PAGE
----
Before we left town, however, window visits were allowed with both parties required to wear masks. This made any conversation more than a little amusing because both of us had difficulty hearing. Mom relied mostly on reading lips at this point in her life, and that was impossible now. It soon came down to just enjoying the present moments with one another without words. We could read the love in each other’s eyes and we all knew where this road was leading. She seemed more ready and courageous than I was.
Mother passed away in early February. My husband and I flew back to Michigan, this time staying in a small hotel. Although I had voiced my vote for a virtual funeral on account of the pandemic, the majority of family members carried the final say and arranged for a rosary, mass, and memorial at her Catholic church in town. My sisters prepared an entry of pictures and flowers that was absolutely stunning. I’d prepared the obituary presented on laminated bookmarks. Mom would have wanted all of this and thanked us for it.
Most everyone attending her service wore masks and a couple of her granddaughters stood to deliver moving eulogies in an attempt to capture a part of the woman we all remembered as “Mom” or “Abuela” or “Rita.” With so many family members in attendance, here was a gathering that the Centers for Disease Control would have shut down in a hurry. But it was what Mom would have wanted. Many of her siblings and relatives drove in from out of town to share stories, tears, elbow shakes, and homemade bread with strawberry jelly. Her Skylight frame, situated in the center of a long table, looped a medley of family pictures over and over.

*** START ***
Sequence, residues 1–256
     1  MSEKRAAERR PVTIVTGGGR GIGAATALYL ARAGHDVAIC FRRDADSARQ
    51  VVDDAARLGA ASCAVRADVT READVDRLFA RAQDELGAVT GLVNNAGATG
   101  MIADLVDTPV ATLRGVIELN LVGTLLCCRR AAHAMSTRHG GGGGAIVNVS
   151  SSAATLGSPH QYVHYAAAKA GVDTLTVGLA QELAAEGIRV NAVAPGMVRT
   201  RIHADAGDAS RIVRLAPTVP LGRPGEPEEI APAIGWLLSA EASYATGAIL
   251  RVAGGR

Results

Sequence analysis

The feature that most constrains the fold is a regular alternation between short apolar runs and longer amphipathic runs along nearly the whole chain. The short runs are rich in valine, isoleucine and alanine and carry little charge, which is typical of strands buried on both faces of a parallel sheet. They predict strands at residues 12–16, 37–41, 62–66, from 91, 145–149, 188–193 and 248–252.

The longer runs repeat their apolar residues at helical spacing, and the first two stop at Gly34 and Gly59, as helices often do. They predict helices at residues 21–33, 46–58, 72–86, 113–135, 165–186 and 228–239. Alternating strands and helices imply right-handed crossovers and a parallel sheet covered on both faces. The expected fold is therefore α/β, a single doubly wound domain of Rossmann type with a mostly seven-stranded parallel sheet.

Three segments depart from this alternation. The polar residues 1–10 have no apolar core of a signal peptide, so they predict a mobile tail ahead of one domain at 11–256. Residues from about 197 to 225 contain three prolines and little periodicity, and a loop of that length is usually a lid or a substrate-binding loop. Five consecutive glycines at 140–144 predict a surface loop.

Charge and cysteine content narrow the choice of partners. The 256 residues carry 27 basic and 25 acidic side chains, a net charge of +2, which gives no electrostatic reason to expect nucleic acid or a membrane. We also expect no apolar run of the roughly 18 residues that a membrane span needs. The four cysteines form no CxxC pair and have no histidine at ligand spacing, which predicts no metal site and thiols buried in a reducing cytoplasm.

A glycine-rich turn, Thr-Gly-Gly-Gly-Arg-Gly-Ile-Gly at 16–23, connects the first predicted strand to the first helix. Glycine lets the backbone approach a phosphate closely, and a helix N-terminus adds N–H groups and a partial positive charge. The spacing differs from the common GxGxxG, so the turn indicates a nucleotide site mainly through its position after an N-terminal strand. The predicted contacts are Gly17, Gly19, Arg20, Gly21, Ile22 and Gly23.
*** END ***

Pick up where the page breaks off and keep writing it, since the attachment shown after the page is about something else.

Before catching our flight back, we stopped in Detroit to visit my husband’s mother. We found her in a concerning, unusual condition. Television was on, but she wasn’t wearing her hearing aids or her glasses any more. The second night we were there, she slipped out of her Lazy Boy at 4 a.m. and my husband and I struggled to get her back up. Her legs just didn’t work. When I assisted her to the restroom later that morning, I discussed the amount of blood in the toilet with my husband and we decided she should see a doctor right away. Two of her grandsons arrived to assist with getting her into the car to head to the hospital. Her grandson’s wife volunteered to enter the hospital with her, where she was admitted to emergency. After tests, she was moved to another room, then very quickly, a hospice house. She’d been living with so many health issues, it’s amazing that the only thing she complained about was, “I’m just so tired all the time.” Her body was giving up.